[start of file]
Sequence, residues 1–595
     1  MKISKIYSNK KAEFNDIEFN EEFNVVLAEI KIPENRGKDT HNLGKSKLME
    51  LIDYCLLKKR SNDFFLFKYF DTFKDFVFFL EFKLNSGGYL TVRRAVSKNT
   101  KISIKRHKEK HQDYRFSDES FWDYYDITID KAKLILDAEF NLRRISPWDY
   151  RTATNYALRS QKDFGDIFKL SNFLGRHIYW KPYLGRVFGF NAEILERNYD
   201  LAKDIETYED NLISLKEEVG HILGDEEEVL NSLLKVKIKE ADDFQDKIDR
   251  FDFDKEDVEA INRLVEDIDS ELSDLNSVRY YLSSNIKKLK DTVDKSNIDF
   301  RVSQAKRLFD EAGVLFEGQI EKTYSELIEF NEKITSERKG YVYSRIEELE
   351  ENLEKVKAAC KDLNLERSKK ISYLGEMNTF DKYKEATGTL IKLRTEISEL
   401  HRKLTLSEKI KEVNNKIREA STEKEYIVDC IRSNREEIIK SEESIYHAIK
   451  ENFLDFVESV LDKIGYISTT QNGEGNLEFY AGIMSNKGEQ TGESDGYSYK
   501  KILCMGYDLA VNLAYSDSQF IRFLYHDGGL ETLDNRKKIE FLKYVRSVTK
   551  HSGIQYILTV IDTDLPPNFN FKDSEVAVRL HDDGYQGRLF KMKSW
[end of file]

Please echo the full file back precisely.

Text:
Sequence, residues 1–595
     1  MKISKIYSNK KAEFNDIEFN EEFNVVLAEI KIPENRGKDT HNLGKSKLME
    51  LIDYCLLKKR SNDFFLFKYF DTFKDFVFFL EFKLNSGGYL TVRRAVSKNT
   101  KISIKRHKEK HQDYRFSDES FWDYYDITID KAKLILDAEF NLRRISPWDY
   151  RTATNYALRS QKDFGDIFKL SNFLGRHIYW KPYLGRVFGF NAEILERNYD
   201  LAKDIETYED NLISLKEEVG HILGDEEEVL NSLLKVKIKE ADDFQDKIDR
   251  FDFDKEDVEA INRLVEDIDS ELSDLNSVRY YLSSNIKKLK DTVDKSNIDF
   301  RVSQAKRLFD EAGVLFEGQI EKTYSELIEF NEKITSERKG YVYSRIEELE
   351  ENLEKVKAAC KDLNLERSKK ISYLGEMNTF DKYKEATGTL IKLRTEISEL
   401  HRKLTLSEKI KEVNNKIREA STEKEYIVDC IRSNREEIIK SEESIYHAIK
   451  ENFLDFVESV LDKIGYISTT QNGEGNLEFY AGIMSNKGEQ TGESDGYSYK
   501  KILCMGYDLA VNLAYSDSQF IRFLYHDGGL ETLDNRKKIE FLKYVRSVTK
   551  HSGIQYILTV IDTDLPPNFN FKDSEVAVRL HDDGYQGRLF KMKSW